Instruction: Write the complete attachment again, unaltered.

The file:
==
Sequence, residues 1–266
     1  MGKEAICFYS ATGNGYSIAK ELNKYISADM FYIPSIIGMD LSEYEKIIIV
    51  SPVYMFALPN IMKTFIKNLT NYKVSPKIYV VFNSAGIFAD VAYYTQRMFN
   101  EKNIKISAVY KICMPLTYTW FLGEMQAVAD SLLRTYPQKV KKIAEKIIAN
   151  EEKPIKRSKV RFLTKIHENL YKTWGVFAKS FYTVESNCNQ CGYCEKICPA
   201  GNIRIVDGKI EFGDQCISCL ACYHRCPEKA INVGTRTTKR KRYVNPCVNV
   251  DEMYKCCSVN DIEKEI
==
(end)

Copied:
Sequence, residues 1–266
     1  MGKEAICFYS ATGNGYSIAK ELNKYISADM FYIPSIIGMD LSEYEKIIIV
    51  SPVYMFALPN IMKTFIKNLT NYKVSPKIYV VFNSAGIFAD VAYYTQRMFN
   101  EKNIKISAVY KICMPLTYTW FLGEMQAVAD SLLRTYPQKV KKIAEKIIAN
   151  EEKPIKRSKV RFLTKIHENL YKTWGVFAKS FYTVESNCNQ CGYCEKICPA
   201  GNIRIVDGKI EFGDQCISCL ACYHRCPEKA INVGTRTTKR KRYVNPCVNV
   251  DEMYKCCSVN DIEKEI